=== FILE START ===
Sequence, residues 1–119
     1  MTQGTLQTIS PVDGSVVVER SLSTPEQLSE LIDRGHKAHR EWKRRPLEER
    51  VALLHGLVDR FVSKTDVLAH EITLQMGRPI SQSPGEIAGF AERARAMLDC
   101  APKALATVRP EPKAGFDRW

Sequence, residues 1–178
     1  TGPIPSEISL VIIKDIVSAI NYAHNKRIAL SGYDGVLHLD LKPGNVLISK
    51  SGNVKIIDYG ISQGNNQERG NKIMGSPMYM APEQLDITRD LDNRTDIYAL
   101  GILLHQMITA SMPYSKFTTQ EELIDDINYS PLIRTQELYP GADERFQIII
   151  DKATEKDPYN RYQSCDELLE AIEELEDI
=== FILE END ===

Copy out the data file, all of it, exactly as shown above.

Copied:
Sequence, residues 1–119
     1  MTQGTLQTIS PVDGSVVVER SLSTPEQLSE LIDRGHKAHR EWKRRPLEER
    51  VALLHGLVDR FVSKTDVLAH EITLQMGRPI SQSPGEIAGF AERARAMLDC
   101  APKALATVRP EPKAGFDRW

Sequence, residues 1–178
     1  TGPIPSEISL VIIKDIVSAI NYAHNKRIAL SGYDGVLHLD LKPGNVLISK
    51  SGNVKIIDYG ISQGNNQERG NKIMGSPMYM APEQLDITRD LDNRTDIYAL
   101  GILLHQMITA SMPYSKFTTQ EELIDDINYS PLIRTQELYP GADERFQIII
   151  DKATEKDPYN RYQSCDELLE AIEELEDI